Video lesson boosts skin cancer awareness at school


According to a study published in Dermatology.1 In addition, the project resulted in updates to health education curricula for California public schools.

To assess students’ knowledge and behaviors around sun protection, investigators surveyed 2,688 students at Franklin High School, the largest high school in Elk Grove, California. The survey response rate was 38.1% (n=1025).

The investigators reported the following results:1

  • Compared to baseline, the percentage of correct answers to 15 out of 17 skin cancer knowledge questions increased immediately after the video lesson and remained higher one month later.
  • The number of students who reported never wearing sunscreen decreased by approximately 12.5% ​​(P=0.007) one month after the video, while the number of students wearing sunscreen 5-7 days per week increased by more than 50% (P
  • 68% of respondents said video content should be taught in schools.
  • 84% agreed the lesson could be applied directly to their lives.

“We should be teaching skin cancer prevention starting in elementary school,” said Jeanine B. Downie, MD, who was not involved in the study. “I used to go and lecture my daughter’s friends all the time.” She also spoke to her daughter’s teachers, as well as staff and students from other schools in the area.

“I’m talking about skin cancer, sun safety, no tanning beds, no tobacco, no vaping. I say there’s no such thing as a safe tan,” added Downey, Director of Dermatology PC Image in Montclair, New Jersey.

“I explain that New Jersey is one of the tanning bed capitals of the country, and the average tanning bed gives you 12 to 15 times the ultraviolet radiation of the sun, according to the Skin Cancer Foundation.” Additionally, she discusses basal and squamous cell cancers, as well as melanoma, and the need to watch out for changing lesions and pimples that don’t heal. “We could all do more of this.”

Childhood and adolescence provide a valuable window for instilling sun protection behaviors to combat rising rates of melanoma and non-melanoma skin cancers, especially among young people, the study authors wrote. “With cumulative sun exposure well accepted as the primary cause of skin cancer,” they added, “habits formed in childhood lay the foundation for how people protect themselves from the sun.”

Several factors can explain the overall success of the lesson. Most notably, the 4-minute video featured an Elk Grove student (and lead author of the study, Shay N. Sharma) speaking at a high school level of language complexity. “The importance of peer influence in modifying adolescent behavior is well established,” the authors wrote, “and hearing a classmate’s sun protection recommendations might resonate more strongly than an adult health care provider.”3 Showing the video to the whole school may have reduced the influence of peer pressure and body image issues that typically make teens unlikely to engage in behaviors of sunscreen.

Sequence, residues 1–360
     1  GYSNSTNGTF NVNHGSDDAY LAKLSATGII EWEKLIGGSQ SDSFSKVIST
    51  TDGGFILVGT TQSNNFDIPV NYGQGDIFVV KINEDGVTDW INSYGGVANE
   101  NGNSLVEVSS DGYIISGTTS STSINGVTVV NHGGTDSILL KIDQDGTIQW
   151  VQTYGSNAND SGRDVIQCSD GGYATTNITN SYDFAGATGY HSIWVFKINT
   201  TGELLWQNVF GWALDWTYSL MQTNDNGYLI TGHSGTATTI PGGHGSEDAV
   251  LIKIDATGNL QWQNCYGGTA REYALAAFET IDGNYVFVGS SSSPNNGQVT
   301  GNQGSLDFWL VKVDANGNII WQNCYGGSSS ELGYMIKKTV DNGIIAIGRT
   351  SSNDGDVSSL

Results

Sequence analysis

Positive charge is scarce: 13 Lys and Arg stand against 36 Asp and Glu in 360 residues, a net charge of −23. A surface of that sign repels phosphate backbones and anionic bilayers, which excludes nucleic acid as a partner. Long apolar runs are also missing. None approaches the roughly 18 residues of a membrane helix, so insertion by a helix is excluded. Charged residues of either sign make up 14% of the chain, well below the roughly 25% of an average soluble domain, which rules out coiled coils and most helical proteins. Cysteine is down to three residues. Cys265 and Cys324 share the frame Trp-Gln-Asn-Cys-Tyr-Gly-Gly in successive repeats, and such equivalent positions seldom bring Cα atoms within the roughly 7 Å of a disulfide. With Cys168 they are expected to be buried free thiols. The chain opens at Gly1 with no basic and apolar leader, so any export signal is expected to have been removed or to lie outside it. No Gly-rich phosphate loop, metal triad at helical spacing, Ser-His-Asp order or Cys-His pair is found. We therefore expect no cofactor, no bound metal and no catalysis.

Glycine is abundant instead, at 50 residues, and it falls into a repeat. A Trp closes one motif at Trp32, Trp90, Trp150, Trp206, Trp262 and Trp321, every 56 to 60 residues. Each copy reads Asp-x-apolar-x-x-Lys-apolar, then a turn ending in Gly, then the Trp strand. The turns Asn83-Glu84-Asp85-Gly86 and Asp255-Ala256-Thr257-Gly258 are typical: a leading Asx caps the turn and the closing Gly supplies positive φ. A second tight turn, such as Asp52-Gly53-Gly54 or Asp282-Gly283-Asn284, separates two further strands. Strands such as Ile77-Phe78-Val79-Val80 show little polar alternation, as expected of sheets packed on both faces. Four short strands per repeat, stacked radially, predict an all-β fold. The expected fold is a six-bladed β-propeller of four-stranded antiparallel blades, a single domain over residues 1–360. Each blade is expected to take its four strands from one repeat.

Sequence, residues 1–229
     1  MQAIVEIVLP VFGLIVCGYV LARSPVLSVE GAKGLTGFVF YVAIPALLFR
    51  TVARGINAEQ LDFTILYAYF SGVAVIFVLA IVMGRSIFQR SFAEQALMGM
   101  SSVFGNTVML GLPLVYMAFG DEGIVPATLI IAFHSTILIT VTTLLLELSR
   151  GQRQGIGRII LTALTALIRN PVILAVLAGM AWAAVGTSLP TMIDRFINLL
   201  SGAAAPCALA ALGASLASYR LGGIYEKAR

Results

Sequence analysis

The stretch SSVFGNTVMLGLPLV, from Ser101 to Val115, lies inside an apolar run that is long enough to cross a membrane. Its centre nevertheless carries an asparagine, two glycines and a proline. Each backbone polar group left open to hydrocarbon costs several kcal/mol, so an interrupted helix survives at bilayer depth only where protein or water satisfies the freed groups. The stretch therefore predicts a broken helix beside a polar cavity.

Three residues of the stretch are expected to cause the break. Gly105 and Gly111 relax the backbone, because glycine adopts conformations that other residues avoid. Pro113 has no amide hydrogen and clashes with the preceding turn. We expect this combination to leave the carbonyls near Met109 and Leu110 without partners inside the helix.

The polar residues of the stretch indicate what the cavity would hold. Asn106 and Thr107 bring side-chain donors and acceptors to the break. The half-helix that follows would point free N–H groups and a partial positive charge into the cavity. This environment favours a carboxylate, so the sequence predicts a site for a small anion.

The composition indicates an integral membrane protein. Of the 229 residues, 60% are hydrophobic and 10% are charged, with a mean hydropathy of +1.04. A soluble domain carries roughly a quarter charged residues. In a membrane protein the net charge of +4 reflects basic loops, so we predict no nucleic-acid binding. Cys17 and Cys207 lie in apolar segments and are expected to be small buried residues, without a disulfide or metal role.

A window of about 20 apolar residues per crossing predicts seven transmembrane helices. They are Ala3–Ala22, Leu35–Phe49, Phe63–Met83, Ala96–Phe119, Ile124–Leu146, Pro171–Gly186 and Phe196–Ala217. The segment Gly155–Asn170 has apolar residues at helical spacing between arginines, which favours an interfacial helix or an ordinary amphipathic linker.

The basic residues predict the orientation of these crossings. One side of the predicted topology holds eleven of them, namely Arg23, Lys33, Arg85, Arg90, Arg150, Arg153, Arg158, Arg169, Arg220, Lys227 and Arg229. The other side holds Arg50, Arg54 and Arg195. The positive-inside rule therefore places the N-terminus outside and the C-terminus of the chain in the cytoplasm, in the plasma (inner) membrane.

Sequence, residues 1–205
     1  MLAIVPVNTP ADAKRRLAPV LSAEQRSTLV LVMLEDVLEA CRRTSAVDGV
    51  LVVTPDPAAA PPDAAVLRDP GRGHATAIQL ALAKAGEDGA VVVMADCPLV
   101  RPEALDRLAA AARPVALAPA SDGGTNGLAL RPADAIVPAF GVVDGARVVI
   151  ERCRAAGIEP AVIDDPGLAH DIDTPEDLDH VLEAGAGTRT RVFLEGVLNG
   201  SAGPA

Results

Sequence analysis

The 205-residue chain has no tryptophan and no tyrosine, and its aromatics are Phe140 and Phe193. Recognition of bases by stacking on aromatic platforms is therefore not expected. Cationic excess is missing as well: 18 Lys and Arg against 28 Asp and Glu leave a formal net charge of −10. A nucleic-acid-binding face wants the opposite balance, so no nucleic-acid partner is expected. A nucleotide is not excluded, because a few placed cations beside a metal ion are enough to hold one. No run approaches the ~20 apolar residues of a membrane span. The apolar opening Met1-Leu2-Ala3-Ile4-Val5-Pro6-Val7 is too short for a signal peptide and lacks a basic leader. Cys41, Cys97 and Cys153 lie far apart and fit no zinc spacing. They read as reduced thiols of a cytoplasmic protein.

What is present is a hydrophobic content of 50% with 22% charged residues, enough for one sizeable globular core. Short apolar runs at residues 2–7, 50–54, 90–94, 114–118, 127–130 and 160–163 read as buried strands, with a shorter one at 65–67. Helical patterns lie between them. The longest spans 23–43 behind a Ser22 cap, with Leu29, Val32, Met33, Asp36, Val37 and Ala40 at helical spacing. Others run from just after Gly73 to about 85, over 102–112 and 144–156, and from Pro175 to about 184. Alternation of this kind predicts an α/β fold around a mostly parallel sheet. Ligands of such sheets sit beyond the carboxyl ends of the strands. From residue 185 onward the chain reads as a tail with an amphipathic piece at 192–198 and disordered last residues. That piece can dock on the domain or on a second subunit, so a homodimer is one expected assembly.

Bureaucratic challenges and state and federal laws hamper schools’ ability to identify and integrate health information in a timely manner, the authors noted. But ultimately, California public schools revised their health education framework to correct ambiguous information (e.g., sun protection is needed on cloudy days), highlight key practices (e.g., the importance of reapplying sunscreen) and add new information (for example, May is Skin Cancer Awareness Month).


Downie is a member of the Skin Cancer Foundation but reports no relevant financial interests.


1. Sharma SN, Sharma SN, Sharma AN, Sharma AN, Sharma JK. Implementing a lesson in skin cancer prevention to effect institutional change: A school-wide survey [published online ahead of print, 2022 Mar 28]. Dermatology. 2022;1-7. doi:10.1159/000521420

2. Madan V, Lear JT, Szeimies RM. Non-melanoma skin cancer. Lancet. 2010;375(9715):673-685. doi:10.1016/S0140-6736(09)61196-X

3. Supovitz J, Sirinides P, May H. How principals and peers influence teaching and learning. Quarterly Education Administration. 2010;46(1): 31–56.


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